Five decades ago,while most other women were conforming to the norms of society,Rabia Futehally chose a different path.
Five decades ago,while most other women were conforming to the norms of society,Rabia Futehally chose a different path. Spurred on by the fact that her two brothers were learning how to fly,she asked her father to enroll her into the Bombay Flying Club (BFC).
One day,all the men in my family got together and decided to learn to fly,my brothers,my father,and my husband, says the 77-year-old. I started to feel left out because my brothers and I would always do things together. Once they started,they would talk of nothing but flying,so I asked my father if I could fly too. Even though she had a young baby to look after,Futehally enrolled at the Bombay Flying Club (now at the Juhu Aerodrome) and began flying with her husband and brothers. I used to give my nine-month-old daughter to my mother to burp and rush out to keep my appointment at the Flying Club, she says with a laugh.
But not everyone was as supportive as her immediate family. Other members of the family,for instance,called it madness and would question why she felt the need to fly. If she lost her life in an accident,who would bring up the baby,they would ask. You have a baby,you should be responsible,they told me, she says. Her husband defended her staunchly. As for the questions of safety,her father was there to answer them. My father was an engineer and a very competent one at that, she says. He told us that the engineering department at the Bombay Flying Club was excellent and you wouldnt find one with a better safety record. Thus began her flying career.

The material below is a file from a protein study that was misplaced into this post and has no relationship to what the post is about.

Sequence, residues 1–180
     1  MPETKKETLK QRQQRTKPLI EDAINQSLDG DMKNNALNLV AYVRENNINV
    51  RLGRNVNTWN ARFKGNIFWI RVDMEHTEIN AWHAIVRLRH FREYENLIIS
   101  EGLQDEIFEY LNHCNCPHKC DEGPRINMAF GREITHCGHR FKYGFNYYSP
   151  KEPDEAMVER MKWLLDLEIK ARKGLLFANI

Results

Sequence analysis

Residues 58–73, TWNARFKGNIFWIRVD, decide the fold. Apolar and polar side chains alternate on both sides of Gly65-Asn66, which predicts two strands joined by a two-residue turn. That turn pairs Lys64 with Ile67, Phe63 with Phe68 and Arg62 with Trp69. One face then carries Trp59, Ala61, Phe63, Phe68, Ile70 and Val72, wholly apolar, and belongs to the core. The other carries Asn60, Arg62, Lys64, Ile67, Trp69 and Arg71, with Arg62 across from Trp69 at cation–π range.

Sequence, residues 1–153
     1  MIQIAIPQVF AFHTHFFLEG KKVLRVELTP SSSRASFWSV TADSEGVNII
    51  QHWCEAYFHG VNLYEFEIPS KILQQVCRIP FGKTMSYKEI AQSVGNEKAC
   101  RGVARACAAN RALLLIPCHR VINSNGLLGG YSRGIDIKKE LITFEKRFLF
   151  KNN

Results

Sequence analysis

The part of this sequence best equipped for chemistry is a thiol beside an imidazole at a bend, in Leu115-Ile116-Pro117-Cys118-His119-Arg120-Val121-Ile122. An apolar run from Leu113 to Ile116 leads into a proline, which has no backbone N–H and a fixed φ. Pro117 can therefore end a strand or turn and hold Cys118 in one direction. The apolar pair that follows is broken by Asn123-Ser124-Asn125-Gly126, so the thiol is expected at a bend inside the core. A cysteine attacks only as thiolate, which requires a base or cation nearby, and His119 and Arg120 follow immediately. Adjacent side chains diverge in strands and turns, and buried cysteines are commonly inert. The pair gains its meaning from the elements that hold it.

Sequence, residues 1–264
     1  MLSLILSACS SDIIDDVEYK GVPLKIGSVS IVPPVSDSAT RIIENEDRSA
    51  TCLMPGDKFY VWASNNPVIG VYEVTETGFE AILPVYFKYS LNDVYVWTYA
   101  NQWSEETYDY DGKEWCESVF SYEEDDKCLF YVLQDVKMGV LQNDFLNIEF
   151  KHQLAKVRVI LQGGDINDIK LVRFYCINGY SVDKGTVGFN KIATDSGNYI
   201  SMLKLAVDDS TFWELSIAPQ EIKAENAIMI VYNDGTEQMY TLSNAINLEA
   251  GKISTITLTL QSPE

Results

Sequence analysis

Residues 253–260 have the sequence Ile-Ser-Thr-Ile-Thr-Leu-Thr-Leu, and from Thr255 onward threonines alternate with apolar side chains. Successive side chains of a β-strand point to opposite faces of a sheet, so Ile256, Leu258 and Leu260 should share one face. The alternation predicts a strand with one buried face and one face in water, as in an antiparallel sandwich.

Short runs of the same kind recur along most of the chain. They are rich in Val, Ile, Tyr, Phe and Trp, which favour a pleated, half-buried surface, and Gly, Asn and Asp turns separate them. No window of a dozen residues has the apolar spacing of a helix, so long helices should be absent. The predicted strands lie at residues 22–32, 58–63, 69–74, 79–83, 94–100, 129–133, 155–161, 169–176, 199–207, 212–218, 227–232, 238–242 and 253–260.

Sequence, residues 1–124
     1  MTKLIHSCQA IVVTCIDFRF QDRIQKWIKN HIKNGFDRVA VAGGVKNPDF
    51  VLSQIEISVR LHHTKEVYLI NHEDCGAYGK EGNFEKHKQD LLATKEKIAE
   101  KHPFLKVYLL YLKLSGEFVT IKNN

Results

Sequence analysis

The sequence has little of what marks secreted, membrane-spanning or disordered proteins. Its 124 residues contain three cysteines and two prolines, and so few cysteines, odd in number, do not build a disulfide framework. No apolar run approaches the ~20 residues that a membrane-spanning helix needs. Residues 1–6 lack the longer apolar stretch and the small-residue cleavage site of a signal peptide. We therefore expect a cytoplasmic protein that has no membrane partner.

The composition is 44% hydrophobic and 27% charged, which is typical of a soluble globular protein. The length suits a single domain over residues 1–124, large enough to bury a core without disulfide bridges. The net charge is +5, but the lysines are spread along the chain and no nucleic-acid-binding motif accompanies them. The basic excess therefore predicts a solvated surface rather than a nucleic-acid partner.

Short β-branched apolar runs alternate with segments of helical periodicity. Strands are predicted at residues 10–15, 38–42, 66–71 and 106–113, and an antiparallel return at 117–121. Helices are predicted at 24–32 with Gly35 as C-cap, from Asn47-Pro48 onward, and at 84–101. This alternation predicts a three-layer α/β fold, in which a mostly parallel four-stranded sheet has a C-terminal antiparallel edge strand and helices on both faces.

As a tribute to this illustrious career,she was recently inducted into the International Forest of Friendship,an organisation that was formed in 1976 in Atchison,Kansas,US,and is described as a living,growing memorial to the world history of aviation and aerospace. Futehally was recognised for her contributions to international womens aviation and civil aviation in India.
Back in the day,contrary to what one might think,the men at the Bombay Flying Club were never concerned about having a woman in their midst and the instructors were helpful. About 20 years later,I met a man who was apparently at the Club when I was there,but we didnt know each other back then. He told me that because I was able to do my solo in about 11 hours while most of the men took about 20-25,it became a big burn for some of them. Despite that,there was never any malice, she says with a smile.
Interestingly,Futehally,and the rest of her family,never flew for remuneration. Flying was never Futehallys profession. After her father introduced her to the Bombay Flying Club in 1962,she was given an orientation flight,as was the norm. She completed her medical test and began training in a twin-seater aircraft,the Piper PA-18. She got her A license and a year later,she got a Private Pilots License (PPL) allowing her to do everything anyone with a Commercial Pilots License (CPL) could do,except fly for remuneration. So,from 1962 to 1965,she shuttled between her home and the Club,flying for an hour or two now and then.